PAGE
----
Abstract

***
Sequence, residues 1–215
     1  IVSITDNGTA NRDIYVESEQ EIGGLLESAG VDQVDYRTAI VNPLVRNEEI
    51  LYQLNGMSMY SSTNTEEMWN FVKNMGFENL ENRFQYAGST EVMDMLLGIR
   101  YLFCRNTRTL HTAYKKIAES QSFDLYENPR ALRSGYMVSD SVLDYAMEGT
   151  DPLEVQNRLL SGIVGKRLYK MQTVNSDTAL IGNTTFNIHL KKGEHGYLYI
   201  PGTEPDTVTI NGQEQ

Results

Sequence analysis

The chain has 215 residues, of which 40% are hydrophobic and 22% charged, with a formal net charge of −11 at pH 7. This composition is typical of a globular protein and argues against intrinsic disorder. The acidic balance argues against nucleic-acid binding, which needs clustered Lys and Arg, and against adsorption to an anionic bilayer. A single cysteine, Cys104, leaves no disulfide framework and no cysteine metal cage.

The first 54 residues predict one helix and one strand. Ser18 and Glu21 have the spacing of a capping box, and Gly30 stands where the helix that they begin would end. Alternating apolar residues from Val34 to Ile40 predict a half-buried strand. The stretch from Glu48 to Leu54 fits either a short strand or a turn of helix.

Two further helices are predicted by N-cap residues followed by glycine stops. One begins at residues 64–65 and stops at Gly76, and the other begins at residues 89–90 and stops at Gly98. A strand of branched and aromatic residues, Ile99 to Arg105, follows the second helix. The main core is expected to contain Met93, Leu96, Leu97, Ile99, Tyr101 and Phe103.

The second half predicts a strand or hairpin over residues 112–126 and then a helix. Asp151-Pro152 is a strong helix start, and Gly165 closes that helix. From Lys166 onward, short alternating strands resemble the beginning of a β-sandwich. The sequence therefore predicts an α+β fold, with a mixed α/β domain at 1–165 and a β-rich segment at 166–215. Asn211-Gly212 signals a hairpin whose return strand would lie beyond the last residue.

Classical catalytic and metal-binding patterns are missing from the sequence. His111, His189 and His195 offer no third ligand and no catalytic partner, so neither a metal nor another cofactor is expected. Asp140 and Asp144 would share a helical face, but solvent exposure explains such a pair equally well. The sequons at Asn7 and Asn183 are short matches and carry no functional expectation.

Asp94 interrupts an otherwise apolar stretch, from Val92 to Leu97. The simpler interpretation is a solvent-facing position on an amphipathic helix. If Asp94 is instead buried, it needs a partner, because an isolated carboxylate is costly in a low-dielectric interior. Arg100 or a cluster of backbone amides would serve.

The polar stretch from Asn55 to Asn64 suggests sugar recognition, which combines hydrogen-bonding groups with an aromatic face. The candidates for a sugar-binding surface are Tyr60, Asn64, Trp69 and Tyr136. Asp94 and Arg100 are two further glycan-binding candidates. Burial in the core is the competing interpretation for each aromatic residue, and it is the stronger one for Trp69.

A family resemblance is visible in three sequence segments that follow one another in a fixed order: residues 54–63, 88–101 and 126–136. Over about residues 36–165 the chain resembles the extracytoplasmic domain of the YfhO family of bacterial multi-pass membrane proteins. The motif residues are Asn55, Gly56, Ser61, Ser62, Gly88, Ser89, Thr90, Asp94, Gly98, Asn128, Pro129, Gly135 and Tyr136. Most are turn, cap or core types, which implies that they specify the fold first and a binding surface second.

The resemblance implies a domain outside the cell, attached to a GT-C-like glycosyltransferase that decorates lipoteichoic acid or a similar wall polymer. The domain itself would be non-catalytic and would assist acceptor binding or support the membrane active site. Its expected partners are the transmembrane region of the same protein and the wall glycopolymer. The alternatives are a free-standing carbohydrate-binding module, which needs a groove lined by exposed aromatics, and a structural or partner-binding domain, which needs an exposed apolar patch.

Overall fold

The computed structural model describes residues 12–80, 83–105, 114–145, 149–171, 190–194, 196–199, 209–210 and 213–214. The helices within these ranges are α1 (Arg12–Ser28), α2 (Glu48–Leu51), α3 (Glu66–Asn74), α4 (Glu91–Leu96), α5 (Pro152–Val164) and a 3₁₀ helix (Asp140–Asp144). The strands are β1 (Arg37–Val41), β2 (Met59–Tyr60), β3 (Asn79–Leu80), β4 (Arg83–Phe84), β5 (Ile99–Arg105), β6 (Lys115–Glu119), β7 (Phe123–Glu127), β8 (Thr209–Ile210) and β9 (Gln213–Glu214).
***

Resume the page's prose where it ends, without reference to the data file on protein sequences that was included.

The immune system is very effective in fighting infections but seems not to be as efficient in recognizing and destroying cancer cells. In the cancer setting, tumor antigen uptake and presentation by APCs to antigen-specific T-cells often occurs in the absence of inflammation resulting therefore in tolerance induction. It is plausible therefore that by converting APCs from a non-inflammatory to an inflammatory phenotype through ligation of TLRs we may well overcome immune tolerance and tip the balance towards productive tumor antigen-specific T-cell responses. Among all the TLR-ligands identified to date, flagellin is the only one with a strictly proteinic nature, characteristic that make it a suitable candidate for cloning and transfection into tumor cells to generate novel tumor cell based vaccines. In this study, we first evaluated whether treatment with purified flagellin could prevent tolerance induction in vivo. Naìˆve CD4+ T-cells (2.5x106) specific for a MHC class II-restricted epitope of influenza hemagglutinin (HA) were adoptively transferred intravenously into BALB/c mice, 24 hours after mice were given either a tolerogenic dose of HA-peptide (200 mg), or a combination of this high dose of peptide together with Flagellin (10 mg I.V.). Two weeks later animals were sacrificed and antigen-specific CD4+ T-cell responses towards the cognate antigen evaluated in vitro. As expected clonotypic T-cells isolated from animals treated with high dose peptide were fully tolerant, in sharp contrast with those isolated from flagellin treated animals that displayed normal responses in terms of cytokine production and proliferation. Surprisingly, this preservation of T-cell function following in vivo treatment with flagellin was not observed when animals were treated with high dose HA-peptide in the presence of the TLR4 ligand, LPS. To better understand the mechanism(s) by which flagellin, and not LPS, preserved the responsiveness of antigen-specific CD4+ T-cells to cognate antigen presented by APCs, we assessed the phenotypic characteristics and the cytokine profile of macrophages and DCs treated in vitro with these TLRs ligands. Although LPS-treated APCs produce higher levels of IL-12, relative to flagellin-treated APCs, the production of this pro-inflammatory cytokine was accompanied by a parallel induction of the anti-inflammatory cytokine, IL-10. Interestingly, flagellin-treated APCs produced IL-12 but were unable to produce IL-10. This effect was dependent on ligation of TLR5, since it was not observed when RAW264.7 cells -which lack TLR5- were treated with flagellin. In vivo studies further confirmed our observations since IL-10 was not detected in the serum of animals treated with flagellin, but it was present in significant amounts in LPS-treated animals. This inhibitory effect of flagellin on IL-10 production was seen even when APCs were stimulated in vitro with strong inducers of IL-10. Given the above properties of flagellin, we generated two novel approaches to be used in the formulation of tumor cell based vaccines: 1) A bystander cell line transfected with the fliC gene from Salmonella typhimurim for flagellin expression (B78H1-Flagellin) and 2) Microspheres beads coated with flagellin. Both vaccination strategies are being currently studied in the in vivo and in vitro settings

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